Mehrotra,A. K. 2014. &quotDeficits, Debt, And The New Politics Of TaxPolicy.&quot JournalOf American History100 (4): 1293-1294. doi:10.1093/jahist/jau145.

1 Mehrotra, A. K. 2014. &quotDeficits, Debt, And The New Politics Of Tax Policy&quot.&nbspJournal Of American History&nbsp100 (4): 1293-1294. doi:10.1093/jahist/jau145.

2Thorndike, Joseph J. &quotTax History: The Top 10 Tax Presidents.&quot Tax Analysts. 2014. Accessed November 16, 2016. http://taxprof.typepad.com/files/the-top-10-tax-presidents.pdf.

3 Thorndike, Joseph J. &quotTax History: The Top 10 Tax Presidents.&quot Tax Analysts. 2014. Accessed November 16, 2016. http://taxprof.typepad.com/files/the-top-10-tax-presidents.pdf.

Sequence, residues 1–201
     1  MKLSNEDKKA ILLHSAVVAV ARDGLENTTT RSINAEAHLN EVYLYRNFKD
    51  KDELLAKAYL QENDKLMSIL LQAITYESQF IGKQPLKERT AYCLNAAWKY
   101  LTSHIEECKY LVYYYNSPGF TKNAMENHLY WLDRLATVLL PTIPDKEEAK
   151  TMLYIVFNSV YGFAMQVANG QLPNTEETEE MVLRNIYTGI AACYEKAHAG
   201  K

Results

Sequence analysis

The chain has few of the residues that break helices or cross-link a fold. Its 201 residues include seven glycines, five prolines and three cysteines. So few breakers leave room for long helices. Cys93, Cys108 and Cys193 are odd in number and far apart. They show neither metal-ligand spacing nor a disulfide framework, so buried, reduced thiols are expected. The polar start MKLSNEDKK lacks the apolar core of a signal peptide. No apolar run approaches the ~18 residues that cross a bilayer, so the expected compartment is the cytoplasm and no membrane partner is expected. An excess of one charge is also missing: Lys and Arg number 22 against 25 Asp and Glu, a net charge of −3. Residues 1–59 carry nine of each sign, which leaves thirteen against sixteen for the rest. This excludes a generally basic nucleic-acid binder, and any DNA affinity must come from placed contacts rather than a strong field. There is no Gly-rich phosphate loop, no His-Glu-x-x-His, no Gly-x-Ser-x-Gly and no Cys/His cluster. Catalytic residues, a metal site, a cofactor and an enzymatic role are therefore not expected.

4 Thorndike, Joseph J. &quotTax History: The Top 10 Tax Presidents.&quot Tax Analysts. 2014. Accessed November 16, 2016. http://taxprof.typepad.com/files/the-top-10-tax-presidents.pdf.

5 Thorndike, Joseph J. &quotTax History: The Top 10 Tax Presidents.&quot Tax Analysts. 2014. Accessed November 16, 2016. http://taxprof.typepad.com/files/the-top-10-tax-presidents.pdf.

6 Ballotpedia. &quot2016 Presidential Candidates on Taxes – Ballotpedia.&quot 2016 Presidential Candidates on Taxes – Ballotpedia. 2016. Accessed November 16, 2016. https://ballotpedia.org/2016_presidential_candidates_on_taxes.

7 Ballotpedia. &quot2016 Presidential Candidates on Taxes – Ballotpedia.&quot 2016 Presidential Candidates on Taxes – Ballotpedia. 2016. Accessed November 16, 2016. https://ballotpedia.org/2016_presidential_candidates_on_taxes.